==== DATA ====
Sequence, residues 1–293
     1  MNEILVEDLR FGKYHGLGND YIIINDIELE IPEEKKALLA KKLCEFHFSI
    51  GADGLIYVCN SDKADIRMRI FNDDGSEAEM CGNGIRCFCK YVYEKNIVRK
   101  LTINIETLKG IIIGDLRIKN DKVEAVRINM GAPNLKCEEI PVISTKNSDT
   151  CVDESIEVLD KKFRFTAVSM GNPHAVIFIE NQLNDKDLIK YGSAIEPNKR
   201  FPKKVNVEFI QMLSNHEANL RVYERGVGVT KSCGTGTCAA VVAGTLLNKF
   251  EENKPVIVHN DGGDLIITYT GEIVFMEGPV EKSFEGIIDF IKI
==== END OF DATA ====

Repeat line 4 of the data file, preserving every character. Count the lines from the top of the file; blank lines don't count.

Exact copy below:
   101  LTINIETLKG IIIGDLRIKN DKVEAVRINM GAPNLKCEEI PVISTKNSDT